The pivotal study of a sustained-release dexamethasone intravitreal implant showed that it was a safe, effective option for the treatment of noninfectious intermediate and posterior uveitis.
Irvine, CA-The pivotal study of a sustained-release dexamethasone intravitreal implant (Ozurdex, Allergan) showed that it was a safe, effective option for the treatment of noninfectious intermediate and posterior uveitis. In the study, a statistically significantly greater percentage of eyes randomly assigned to either of two doses of the implant met the primary outcome of a vitreous haze score of zero at week 8 compared with eyes that had undergone a sham procedure.
A single treatment with the implant gradually delivers dexamethasone to the posterior chamber, producing improvements in intraocular inflammation and visual acuity that, in this study, persisted for 6 months.
"If you just inject dexamethasone into the eye, it's usually gone within a day or two," said Scott Whitcup, MD, "so to get [a] sustained treatment effect you need a technology that allows you to deliver dexamethasone, in the case of [this intravitreal implant], for months."
In the 26-week, prospective, multicenter, masked, parallel-group, sham-controlled clinical trial, patients with noninfectious intermediate or posterior uveitis were randomly assigned to a single treatment with either a sham procedure (n = 76) or treatment with the 0.7-mg (n = 77) or 0.35-mg (n =76) dexamethasone implant. The primary outcome measure was based on the amount of vitreous haze and the proportion of patients with a vitreous haze score of zero at week 8.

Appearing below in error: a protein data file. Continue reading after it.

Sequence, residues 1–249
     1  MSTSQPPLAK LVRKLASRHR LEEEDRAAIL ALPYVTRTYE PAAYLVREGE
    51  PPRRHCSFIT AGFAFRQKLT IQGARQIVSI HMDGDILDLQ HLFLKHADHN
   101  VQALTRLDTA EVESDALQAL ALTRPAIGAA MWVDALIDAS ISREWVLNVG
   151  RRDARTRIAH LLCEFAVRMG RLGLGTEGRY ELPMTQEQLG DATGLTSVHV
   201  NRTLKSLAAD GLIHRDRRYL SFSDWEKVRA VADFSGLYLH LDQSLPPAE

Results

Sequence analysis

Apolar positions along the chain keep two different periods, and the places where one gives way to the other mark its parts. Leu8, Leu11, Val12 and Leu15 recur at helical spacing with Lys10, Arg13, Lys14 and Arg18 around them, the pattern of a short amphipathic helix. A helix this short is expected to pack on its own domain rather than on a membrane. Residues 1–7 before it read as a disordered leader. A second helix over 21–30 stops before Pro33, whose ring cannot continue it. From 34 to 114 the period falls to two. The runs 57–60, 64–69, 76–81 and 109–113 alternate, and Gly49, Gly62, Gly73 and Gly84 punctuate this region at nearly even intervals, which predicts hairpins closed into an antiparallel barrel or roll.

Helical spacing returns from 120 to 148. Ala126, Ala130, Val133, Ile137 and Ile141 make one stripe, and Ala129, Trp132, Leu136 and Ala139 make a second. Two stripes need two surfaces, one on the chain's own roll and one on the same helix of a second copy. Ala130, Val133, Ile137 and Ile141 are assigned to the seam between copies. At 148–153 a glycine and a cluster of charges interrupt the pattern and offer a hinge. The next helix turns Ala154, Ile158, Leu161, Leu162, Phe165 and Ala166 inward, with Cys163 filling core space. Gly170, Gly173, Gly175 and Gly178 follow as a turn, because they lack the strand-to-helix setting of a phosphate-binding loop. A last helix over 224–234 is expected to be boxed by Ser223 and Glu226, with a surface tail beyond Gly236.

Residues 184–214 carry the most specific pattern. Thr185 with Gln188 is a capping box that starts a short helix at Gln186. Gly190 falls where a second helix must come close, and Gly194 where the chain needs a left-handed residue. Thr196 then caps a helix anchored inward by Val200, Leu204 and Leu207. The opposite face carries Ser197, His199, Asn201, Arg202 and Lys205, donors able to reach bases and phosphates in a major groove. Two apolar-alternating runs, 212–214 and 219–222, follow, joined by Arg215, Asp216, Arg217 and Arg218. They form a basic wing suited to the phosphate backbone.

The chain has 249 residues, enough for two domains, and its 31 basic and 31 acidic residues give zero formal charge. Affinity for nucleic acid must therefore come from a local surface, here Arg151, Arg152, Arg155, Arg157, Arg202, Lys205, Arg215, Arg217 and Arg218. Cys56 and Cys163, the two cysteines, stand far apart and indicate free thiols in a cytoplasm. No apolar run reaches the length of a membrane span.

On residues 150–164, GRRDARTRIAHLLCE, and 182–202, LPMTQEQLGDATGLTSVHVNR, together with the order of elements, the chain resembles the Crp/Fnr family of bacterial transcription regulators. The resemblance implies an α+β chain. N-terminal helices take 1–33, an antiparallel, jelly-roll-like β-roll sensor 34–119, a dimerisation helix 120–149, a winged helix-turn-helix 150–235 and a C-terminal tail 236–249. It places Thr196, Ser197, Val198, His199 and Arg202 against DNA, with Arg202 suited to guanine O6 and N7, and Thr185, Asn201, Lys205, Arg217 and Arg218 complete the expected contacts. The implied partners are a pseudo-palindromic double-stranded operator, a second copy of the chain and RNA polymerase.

Results showed that at week 8, 47% of the eyes treated with the 0.7-mg implant had a vitreous haze score of zero, as did 36% of the eyes treated with the 0.35-mg dose and 12% in the sham treatment group (p < 0.001).
"The other interesting finding was that not only did the inflammation go away, but patients gained vision," Dr. Whitcup said. "The fact that we saw such big improvements in vision was a big plus for patients."
Significantly more eyes in the implant groups than in the sham group had a gain of 15 or more letters from baseline best-corrected visual acuity at all study visits. The improvement was two- to six-fold greater in the implant groups, p < 0.001 for the 0.7-mg group and p ≤ 0.027 for the 0.35-mg treatment group. Up to 50% of patients gained three lines, with an average increase in visual acuity of about 12 letters.
Improvements in vision occurred more quickly than anticipated in these patients, as well as to a greater degree, Dr. Whitcup continued.
"In these patients, the inflammation was clearly affecting vision, and with resolution of the inflammation the vision also improved," he explained.